from russia. -- you'd be exiled or executed and that's how you got out your message. and so they came to america as teenagers, joined radical movements and they decided they wanted to sort of create an act to galvanize the workers and change society. and they chose -- after there was a labor dispute at the homestead steel mill that was -- the chairman of, they decided he would be their target. when sasha was 21, he armed himself with a gun and knife and tried to kill him. >> failed, thrown in jail for 14 years. and he -- and let's talk about emma. she actually founded mother jones? >> she did. mother earth, actually, was her magazine. sort of a literary -- >> sorry. >> well, there's some similarity. >> there's some on the -- >> david corn never -- >> and he's not anarchist. she's also the author of the anarchist philosophy. wasn't she also a leader in women's rights? >> she was. she -- actually she talked a lot about women's rights, freedom of speech, freedom of assembly, birth control, she was anti-war. also was a student of the modern drama, gave a lot of lectures about that. she ha
idea. >> dallas morning news. russia is banning all u.s. adoptions of russian children. president putin signed the bill this morning. passed after the u.s. moved to punish russian human rights violators, some 60,000 russian orphans have found american homes over the last two decades. i do not get na story. >> stupid. give a child a home no matter where in the world. the sacramento bee hundreds of teachers in utah are getting privately trained use handguns in the wake of sandy hook shootings. other states are going farther. arizona's attorney general proposing to change the state law that would allow an educator in each school to carry a gun. the "l.a. times," the city of los angeles collected more than -- this story is unbelievable. they collected more than 2,000 firearms part of a guns for groceries buyback program. 75 assault weapons were included in that and two rocket launchers were turned in for cash. >> they got steak and shrimp for the rocket launchers. what about teachers with guns in classrooms? >> i mean, it's amazing to me. i had randy wine gart ten of the american federation
changed? i just came from a long trip, russia, syria, israel, egypt. here's what happens in what i call a hyperconnected world when you're a columnist now. when i started, i was a reporter in beirut in 1982. all i wanted to do was tell americans something they didn't know from beirut, okay? well, that was pretty easy because, you know, there was no cnn back then. you couldn't really follow the news. there were no bloggers. now when i go abroad to write a column, i just wrote from egypt this morning, what's in my head is i'm not looking to tell just americans something they don't know about egypt, still pretty easy. what i aspire to now is actually to tell egyptians something they don't know about their own country. in other words, my job has changed because i know i have readers there. i have bloggers there. i'm so connected to that audience that it isn't enough for me anymore in the old days just to tell people in chicago something new about egypt. i've now got to tell people in egypt something new about egypt if i want to keep my job. >> exactly. and we ask these questions and make th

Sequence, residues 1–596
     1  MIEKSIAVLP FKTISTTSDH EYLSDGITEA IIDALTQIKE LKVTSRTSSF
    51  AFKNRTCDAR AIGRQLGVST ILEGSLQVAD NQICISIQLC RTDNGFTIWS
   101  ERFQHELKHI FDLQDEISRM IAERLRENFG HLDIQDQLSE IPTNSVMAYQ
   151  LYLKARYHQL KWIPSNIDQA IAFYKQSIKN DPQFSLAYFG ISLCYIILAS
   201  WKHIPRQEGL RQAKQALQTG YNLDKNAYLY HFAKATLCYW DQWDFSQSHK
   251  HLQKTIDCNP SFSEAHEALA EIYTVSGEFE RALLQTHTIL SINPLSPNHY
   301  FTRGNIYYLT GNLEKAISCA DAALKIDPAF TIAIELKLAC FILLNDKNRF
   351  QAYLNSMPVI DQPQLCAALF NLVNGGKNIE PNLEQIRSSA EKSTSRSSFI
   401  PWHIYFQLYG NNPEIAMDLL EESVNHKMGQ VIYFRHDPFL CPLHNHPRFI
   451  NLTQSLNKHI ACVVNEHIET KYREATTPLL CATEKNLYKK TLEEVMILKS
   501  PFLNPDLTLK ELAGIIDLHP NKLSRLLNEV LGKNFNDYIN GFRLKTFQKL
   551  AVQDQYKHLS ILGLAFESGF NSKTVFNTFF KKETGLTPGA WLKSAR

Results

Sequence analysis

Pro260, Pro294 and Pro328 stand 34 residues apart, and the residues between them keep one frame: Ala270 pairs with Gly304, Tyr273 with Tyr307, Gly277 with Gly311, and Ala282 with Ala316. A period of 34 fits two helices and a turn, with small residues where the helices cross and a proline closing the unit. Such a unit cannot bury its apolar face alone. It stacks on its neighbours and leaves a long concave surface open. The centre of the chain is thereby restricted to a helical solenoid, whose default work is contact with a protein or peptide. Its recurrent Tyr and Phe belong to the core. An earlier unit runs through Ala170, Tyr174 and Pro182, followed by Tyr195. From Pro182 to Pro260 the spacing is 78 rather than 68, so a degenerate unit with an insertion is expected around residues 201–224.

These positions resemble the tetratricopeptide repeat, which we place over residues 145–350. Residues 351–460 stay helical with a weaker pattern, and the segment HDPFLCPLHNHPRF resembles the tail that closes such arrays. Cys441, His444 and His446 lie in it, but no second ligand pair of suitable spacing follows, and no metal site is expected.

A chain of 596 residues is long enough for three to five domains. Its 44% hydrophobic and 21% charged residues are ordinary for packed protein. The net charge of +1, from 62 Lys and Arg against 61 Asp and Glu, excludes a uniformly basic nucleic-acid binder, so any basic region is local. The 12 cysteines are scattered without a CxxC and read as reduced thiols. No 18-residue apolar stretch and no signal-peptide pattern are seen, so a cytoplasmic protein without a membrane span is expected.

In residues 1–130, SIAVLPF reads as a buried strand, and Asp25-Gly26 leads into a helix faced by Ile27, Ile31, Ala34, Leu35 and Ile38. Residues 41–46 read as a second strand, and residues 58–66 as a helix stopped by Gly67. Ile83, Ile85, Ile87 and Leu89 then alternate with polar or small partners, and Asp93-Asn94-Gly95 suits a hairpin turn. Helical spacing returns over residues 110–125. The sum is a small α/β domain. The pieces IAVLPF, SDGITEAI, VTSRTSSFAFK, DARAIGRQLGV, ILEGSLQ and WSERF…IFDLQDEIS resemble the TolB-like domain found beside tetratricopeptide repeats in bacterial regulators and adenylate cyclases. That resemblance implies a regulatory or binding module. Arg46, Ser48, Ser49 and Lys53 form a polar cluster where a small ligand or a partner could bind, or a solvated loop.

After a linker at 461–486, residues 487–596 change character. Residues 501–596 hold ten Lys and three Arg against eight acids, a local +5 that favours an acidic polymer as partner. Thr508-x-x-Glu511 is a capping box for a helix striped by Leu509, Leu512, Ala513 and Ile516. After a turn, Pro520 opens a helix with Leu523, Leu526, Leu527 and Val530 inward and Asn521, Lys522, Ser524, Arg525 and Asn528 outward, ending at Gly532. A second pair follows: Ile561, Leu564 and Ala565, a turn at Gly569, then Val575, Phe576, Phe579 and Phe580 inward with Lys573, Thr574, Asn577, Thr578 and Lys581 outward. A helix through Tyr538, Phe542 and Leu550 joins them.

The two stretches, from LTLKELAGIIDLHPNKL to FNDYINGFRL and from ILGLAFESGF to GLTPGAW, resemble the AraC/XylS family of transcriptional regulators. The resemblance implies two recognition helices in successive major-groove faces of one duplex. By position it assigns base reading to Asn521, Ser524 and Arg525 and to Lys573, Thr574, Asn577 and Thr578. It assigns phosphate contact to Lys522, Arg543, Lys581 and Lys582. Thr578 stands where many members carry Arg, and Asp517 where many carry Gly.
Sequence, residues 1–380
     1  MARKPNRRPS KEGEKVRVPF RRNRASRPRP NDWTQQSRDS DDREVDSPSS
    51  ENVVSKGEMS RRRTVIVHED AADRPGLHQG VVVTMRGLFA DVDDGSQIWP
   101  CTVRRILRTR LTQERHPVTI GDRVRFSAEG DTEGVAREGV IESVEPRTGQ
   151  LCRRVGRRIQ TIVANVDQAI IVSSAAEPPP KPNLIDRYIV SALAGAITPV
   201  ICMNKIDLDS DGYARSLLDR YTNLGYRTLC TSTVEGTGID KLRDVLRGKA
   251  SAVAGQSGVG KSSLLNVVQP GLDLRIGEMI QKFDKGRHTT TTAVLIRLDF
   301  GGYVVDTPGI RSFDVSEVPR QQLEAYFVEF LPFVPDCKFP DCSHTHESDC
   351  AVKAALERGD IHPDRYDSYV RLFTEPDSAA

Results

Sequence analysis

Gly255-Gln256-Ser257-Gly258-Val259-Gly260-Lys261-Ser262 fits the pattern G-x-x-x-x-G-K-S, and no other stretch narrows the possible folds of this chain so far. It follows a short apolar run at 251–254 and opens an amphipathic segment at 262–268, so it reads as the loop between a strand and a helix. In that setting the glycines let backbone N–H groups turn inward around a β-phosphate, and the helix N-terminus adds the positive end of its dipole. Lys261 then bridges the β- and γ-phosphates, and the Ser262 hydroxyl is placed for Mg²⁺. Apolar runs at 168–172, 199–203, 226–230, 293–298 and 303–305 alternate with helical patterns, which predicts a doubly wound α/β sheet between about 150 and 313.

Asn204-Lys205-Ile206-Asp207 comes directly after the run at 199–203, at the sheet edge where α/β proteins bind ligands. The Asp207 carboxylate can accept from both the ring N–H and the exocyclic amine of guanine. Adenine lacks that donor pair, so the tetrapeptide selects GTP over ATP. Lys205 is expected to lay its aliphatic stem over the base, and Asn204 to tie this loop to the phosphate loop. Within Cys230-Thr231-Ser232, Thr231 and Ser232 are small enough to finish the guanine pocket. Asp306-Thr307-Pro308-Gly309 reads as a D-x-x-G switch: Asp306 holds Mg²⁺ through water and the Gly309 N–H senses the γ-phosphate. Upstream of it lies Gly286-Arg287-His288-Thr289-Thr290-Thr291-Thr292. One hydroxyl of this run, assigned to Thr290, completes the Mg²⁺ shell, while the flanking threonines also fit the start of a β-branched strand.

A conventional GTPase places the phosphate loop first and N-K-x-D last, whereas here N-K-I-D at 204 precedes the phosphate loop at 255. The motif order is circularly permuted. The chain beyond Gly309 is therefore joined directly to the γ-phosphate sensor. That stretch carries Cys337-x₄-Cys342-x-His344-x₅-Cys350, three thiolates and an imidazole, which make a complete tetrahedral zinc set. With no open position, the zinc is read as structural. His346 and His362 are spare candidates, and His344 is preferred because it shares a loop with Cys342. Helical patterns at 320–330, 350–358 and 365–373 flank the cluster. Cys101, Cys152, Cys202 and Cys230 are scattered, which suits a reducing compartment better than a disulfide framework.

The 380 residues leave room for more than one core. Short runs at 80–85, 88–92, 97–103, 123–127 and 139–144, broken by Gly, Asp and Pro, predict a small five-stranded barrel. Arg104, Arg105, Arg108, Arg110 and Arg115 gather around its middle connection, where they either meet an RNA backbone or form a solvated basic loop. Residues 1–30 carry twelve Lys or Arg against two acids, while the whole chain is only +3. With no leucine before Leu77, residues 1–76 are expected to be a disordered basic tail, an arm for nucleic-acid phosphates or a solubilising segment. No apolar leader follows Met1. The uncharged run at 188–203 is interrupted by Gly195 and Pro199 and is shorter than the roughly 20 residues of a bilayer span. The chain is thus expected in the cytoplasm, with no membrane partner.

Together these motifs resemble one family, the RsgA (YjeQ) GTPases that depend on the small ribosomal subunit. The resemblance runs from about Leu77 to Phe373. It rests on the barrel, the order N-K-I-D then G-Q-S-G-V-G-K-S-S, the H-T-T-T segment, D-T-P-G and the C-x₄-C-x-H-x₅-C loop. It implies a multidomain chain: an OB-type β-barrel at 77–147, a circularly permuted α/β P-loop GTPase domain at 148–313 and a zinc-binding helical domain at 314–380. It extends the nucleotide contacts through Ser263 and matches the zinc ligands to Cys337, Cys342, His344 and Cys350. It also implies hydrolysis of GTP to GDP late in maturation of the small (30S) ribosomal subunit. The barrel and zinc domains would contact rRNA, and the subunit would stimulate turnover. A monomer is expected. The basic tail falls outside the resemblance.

will slide northward to central asia. that will involve in different ways china, russia and india. we have a crisis on our hands in syria. we have pressures to go to war against iran. these are the kind of issues that really need attentive leadership from the secretary of state that is intensely interested in them and has the kind of experience and global background that is needed for that kind of job. >> i just want to add to the list the recent north korea missile test, rocket test, aka, a missile test, and the close collaboration between north korea and iran. iran is pretty advanced on miniaturizing nuclear warheads. and north korea is very advanced on missiles. and if that collaboration continues, we may have a very serious confrontation. >> and so there's no island of stability out there in this from north korea all the way into africa. and a lot of the intel people say that the next four years may be dominated by a series of crises and meltdowns. and that, you know, i think that's quite likely or certainly more likely than the idea that there's going to be a period of peace. >> and h
Search Results 0 to 8 of about 9 (some duplicates have been removed)